Layton sees growing Quebec support, targets Liberals
NDP Leader Jack Layton is enjoying an apparent surge in popular support after last week's leaders' debates and is making a pitch to Liberal voters, claiming the two parties' platforms are nearly identical.
In an interview with CBC chief correspondent Peter Mansbridge, Layton said the difference between his NDP and the Liberals is that his rivals have been in power.
Monday night on The National
CBC's Peter Mansbridge follows Jack Layton's campaign Monday on The National, and sits down with the NDP leader for a discussion of how he would handle coalition talks.
Tuesday, Mansbridge interviews Liberal Leader Michael Ignatieff.
"They were [in power], and they broke their promises," Layton said. "We have yet to be in power. We're making some commitments, and we've got a strong record of delivering on what we say we're going to do in minority parliaments. And now we'd like the opportunity to do it as the leader of the governing party."
The attention on Quebec may be paying off for the NDP, as a clutch of polls released on Monday suggested the party is gaining strength in Quebec.
Leger Marketing released the results of its poll in Quebec, which showed Layton's New Democrats ahead of the Conservatives and Liberals, second to only the Bloc.
While the BQ is holding 34 per cent of committed voters, the NDP trails with 24 per cent, while the Conservatives and Liberals each hold 20 per cent, according to the online survey.
The margin of error for the Leger poll in Quebec alone was plus or minus 3.1 percentage points. It was conducted between April 15 and April 17 with a sample size of 1,008 respondents.
The Monday poll results drew a rare comment on a poll from Bloc Québécois Leader Gilles Duceppe, who said the NDP's rise is worrying.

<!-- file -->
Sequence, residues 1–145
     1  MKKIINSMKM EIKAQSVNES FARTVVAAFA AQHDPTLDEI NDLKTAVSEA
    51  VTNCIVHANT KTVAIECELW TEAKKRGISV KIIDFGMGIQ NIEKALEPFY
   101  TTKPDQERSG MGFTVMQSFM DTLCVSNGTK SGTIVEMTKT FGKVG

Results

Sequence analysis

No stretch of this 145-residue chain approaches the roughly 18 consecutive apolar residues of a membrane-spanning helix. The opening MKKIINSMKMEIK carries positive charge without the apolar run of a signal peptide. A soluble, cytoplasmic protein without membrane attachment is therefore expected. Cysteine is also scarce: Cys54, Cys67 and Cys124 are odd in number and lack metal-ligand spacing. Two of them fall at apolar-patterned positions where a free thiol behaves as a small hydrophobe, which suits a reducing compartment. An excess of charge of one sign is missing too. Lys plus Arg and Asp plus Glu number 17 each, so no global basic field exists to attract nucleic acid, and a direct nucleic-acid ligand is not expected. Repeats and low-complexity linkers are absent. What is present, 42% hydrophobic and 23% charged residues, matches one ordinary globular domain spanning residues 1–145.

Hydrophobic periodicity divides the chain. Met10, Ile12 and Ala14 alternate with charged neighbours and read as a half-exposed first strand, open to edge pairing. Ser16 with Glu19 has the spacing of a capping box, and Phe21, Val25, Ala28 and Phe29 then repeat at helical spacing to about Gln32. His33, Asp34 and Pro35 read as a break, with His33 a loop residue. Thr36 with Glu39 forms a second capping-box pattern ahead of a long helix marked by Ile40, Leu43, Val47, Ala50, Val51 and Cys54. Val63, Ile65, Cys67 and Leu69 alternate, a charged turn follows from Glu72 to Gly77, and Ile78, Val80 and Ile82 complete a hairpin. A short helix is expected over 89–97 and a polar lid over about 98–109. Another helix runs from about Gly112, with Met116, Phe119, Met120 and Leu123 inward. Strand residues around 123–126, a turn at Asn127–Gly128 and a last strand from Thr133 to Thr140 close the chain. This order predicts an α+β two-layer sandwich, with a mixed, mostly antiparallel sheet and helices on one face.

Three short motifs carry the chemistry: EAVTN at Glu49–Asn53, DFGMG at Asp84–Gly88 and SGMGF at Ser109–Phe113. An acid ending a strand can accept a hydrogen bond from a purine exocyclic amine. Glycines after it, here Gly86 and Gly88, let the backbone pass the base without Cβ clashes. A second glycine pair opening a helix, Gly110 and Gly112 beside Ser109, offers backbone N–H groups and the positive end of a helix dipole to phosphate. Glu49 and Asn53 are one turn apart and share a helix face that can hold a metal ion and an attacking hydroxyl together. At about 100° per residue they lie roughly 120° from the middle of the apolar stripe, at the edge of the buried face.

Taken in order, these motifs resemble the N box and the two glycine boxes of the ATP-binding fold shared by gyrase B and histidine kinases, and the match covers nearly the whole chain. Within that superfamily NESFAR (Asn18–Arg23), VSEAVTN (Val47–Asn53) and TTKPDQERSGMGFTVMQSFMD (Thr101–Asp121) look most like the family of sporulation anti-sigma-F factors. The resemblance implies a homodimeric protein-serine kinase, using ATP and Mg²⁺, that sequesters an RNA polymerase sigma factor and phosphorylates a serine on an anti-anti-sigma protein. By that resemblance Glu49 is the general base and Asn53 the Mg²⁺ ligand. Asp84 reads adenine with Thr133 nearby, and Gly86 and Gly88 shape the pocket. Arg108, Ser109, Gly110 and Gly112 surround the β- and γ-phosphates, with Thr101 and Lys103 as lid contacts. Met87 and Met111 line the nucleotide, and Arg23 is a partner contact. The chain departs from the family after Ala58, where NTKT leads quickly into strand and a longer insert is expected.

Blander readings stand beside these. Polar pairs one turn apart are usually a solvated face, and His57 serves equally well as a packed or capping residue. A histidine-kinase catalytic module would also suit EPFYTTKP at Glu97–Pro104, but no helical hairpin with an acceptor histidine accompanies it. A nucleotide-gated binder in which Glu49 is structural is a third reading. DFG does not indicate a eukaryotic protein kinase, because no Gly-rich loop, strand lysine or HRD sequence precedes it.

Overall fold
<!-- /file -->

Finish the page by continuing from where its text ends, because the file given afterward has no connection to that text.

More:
"When Layton rises, Harper snickers," he said to reporters, speaking in French. And while Harper tells voters he wants to fight to keep Quebec in Canada, "he has nothing to offer."
Speaking at a press conference in Quebec City Monday, where he was releasing the NDP's platform on help for cities, Layton was clearly buoyed by the poll results. Asked how that might be translated into seats, he said the party would simply continue to work.
"[We] say to Quebecers and Canadians that you have a choice: no matter what the other parties tell you, you have a choice. You can choose a new direction."
Single seat in Quebec
The NDP had only a single seat in Quebec when the election was called — Thomas Mulcair in the Montreal riding of Outremont.
The NDP is looking to make gains in ridings such as Gatineau and the northern riding of Abitibi-Baie-James-Nunavik, where the party is running the high-profile candidate Romeo Saganash.
For his part, Liberal Leader Michael Ignatieff has made his own attempts to take voters away from the NDP since the campaign began. Ignatieff has made the pitch that the Liberals are the only party that can stop Conservative Leader Stephen Harper. But it's that history of governing that Layton is trying to use against the Liberals.
The NDP leader got strong reviews after the two leaders' debates last week.
What isn't clear from the recent polling numbers is whether the rising support levels will be enough to win ridings across the province, or whether the NDP will play the role of spoiler in other races by bleeding support away from the other three parties.
Layton has spent the last several days campaigning in eastern ridings where the NDP hopes to capitalize on any momentum it has gained in public opinion polls following the debates.
The NDP leader donned a Montreal Canadiens sweater and mugged for the cameras in a Montreal pub last Thursday as the team opened its Stanley Cup playoff series against the Boston Bruins.
On Monday, Layton campaigned in the Quebec City area. The ridings around Quebec City may be in play in the May 2 election, if the NDP's uptick in the polls continues and the three federal parties can bleed support away from the Bloc Québécois.
He said his "green commuter" legislation would make it easier for employers to help employees with public transit, carpooling and cycling to work. The NDP's housing strategy would help cities to build affordable housing and to tackle homelessness, he said. And a crime plank would put more police on the street.
As a former municipal politician, Layton said he was proud that the Federation of Canadian Municipalities endorsed the plan.
Layton toured Prince Edward Island, Nova Scotia and Newfoundland and Labrador over the weekend. The NDP is also hoping to gain additional seats in the Atlantic region.
Mansbridge followed the NDP leader on the campaign trail on Friday and Saturday. The full interview will appear on Monday night.